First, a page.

FBI: Colo. mall likely unrelated to Columbine

LITTLETON, Colo. (AP) — An apparent attempted bombing at a Colorado shopping mall likely was not related to the 12-year anniversary of the shootings at nearby Columbine High School, according to the FBI.

Investigators have found a motive but aren’t releasing additional information, FBI Denver spokesman Dave Joly said Monday.

The agency on Sunday alerted field offices covering all 50 states and Puerto Rico to be on the lookout for Earl Albert Moore, 65.

Moore has been named the suspect in Wednesday’s fire at Southwest Plaza Mall, about four miles from Columbine, where 12 students and a teacher were killed in 1999.

Authorities discovered a pipe bomb and two propane tanks after the fire, raising fears from Jefferson County Sheriff Ted Mink that the incident was timed to coincide with the anniversary.

“It is unlikely that the events of four-twenty-eleven are related to any other incident that may have occurred on that date, previously,” Joly said, declining to mention Columbine by name and adding that nothing has been ruled out.

Colorado authorities said they discovered a pipe bomb and two propane tanks in a hallway of the mall’s food court after firefighters responded to a fire. The explosives, which did not detonate, were found after the fire in the hallway prompted an evacuation of the mall. No one was injured.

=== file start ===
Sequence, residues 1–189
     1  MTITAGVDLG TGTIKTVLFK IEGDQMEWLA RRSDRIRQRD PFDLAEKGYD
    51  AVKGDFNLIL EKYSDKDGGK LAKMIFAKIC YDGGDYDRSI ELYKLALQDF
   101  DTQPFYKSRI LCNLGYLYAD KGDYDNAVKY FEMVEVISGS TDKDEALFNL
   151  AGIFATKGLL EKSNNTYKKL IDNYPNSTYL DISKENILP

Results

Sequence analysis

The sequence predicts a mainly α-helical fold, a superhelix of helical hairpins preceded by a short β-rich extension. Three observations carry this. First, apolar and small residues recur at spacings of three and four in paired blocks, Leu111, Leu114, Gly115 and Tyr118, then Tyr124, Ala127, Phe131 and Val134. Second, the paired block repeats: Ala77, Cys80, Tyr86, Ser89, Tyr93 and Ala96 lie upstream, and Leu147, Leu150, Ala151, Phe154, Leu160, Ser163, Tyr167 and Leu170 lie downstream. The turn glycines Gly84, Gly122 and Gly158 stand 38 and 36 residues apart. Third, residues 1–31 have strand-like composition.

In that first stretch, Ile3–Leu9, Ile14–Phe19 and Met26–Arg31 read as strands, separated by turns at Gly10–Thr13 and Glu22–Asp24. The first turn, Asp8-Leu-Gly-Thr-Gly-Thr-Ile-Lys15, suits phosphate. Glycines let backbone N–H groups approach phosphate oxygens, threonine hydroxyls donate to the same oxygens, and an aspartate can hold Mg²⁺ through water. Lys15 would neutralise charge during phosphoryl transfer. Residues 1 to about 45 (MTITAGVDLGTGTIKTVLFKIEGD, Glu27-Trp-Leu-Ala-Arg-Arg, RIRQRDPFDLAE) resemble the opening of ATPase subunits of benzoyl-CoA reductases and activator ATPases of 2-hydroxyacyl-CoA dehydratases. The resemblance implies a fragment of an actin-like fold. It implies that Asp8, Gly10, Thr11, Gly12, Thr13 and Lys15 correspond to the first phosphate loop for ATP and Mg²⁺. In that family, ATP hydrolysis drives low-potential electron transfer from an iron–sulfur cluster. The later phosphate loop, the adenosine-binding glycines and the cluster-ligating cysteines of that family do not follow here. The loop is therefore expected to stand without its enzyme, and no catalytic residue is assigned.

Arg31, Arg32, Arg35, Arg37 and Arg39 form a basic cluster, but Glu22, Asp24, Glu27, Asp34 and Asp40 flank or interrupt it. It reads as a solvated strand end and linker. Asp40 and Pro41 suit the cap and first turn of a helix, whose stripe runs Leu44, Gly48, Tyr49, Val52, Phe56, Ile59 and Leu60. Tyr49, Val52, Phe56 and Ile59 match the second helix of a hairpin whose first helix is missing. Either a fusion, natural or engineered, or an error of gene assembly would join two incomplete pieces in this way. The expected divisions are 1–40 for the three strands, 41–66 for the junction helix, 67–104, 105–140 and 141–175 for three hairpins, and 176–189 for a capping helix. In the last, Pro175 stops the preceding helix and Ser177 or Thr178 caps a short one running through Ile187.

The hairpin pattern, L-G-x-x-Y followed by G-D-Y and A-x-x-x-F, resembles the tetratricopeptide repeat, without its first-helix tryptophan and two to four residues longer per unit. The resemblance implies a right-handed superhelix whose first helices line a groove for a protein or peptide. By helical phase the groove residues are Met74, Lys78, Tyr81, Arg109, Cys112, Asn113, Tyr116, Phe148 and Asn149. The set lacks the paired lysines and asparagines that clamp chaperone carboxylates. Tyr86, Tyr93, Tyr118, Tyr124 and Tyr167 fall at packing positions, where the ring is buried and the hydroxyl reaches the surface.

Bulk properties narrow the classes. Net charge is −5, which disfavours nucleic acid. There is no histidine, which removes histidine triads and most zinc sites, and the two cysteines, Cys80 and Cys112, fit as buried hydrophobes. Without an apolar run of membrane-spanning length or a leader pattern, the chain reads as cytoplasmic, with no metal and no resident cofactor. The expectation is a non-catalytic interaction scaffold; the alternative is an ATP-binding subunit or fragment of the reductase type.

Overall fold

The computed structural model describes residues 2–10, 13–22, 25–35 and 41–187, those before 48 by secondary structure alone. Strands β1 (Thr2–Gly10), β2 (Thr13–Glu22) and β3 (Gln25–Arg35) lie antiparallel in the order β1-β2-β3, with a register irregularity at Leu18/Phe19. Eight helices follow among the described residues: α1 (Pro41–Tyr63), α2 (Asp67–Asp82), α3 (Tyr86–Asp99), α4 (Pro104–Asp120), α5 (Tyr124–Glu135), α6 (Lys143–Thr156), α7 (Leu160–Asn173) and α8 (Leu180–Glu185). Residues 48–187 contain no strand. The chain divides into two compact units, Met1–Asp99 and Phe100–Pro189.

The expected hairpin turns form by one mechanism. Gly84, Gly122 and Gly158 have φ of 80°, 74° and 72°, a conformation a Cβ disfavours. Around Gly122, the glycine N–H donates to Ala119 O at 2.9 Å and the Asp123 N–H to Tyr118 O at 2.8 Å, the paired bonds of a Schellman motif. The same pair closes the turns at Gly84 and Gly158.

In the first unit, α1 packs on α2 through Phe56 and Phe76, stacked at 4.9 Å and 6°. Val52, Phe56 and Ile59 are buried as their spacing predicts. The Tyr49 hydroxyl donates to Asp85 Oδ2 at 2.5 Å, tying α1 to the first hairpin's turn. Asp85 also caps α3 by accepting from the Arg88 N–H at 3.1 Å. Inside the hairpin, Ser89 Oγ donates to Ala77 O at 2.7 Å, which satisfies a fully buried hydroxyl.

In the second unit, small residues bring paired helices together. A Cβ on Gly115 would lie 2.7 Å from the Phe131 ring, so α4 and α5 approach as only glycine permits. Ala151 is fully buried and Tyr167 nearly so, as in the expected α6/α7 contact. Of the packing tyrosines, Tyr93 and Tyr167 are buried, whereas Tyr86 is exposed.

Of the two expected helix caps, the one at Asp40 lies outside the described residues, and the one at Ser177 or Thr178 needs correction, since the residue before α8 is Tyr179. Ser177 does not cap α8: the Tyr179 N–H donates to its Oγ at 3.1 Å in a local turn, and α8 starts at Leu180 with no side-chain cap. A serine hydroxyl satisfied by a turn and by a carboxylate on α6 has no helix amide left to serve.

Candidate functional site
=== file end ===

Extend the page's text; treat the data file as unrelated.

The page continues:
Mink, the sheriff, noted that the times of the mall fire and the Columbine shootings were similar, as well as the use of a pipe bomb and propane tanks, which were used during the attack at the school in 1999. Authorities declined to release details about what was found at the mall.

Federal Bureau of Prisons records show that Moore was released from prison April 13 after serving time in a federal prison in Atlanta and Estill, S.C. Federal court record show that Moore pleaded guilty in May 2005 to robbing a bank in Crab Orchard, W.Va., of $2,546.

A story published in the The Register-Herald in nearby Beckley, W.Va., described the March 2005 robbery as a man with a beard entering the bank, waving a gun and demanding cash. Moore, who was arrested a short time later, did not have a beard. Authorities told the paper that the beard was a fake.

A judge sentenced Moore to 18 years in prison for the bank robbery, but a federal appeals court in 2006 ruled his stiff sentence was “unreasonable” and Moore’s sentence was reduced to seven years. Federal Bureau of Prisons spokesman Edmond Ross said Moore received a “good conduct” release from prison after serving six years of his sentence.

Moore has an extensive criminal record and should be considered dangerous, federal officials said.

He is described as being between 6 feet and 6 feet, 2 inches tall and weighing about 200 to 225 pounds. He’s bald with blue eyes and a grey mustache and has a tattoo of a Viking on each of his arms.

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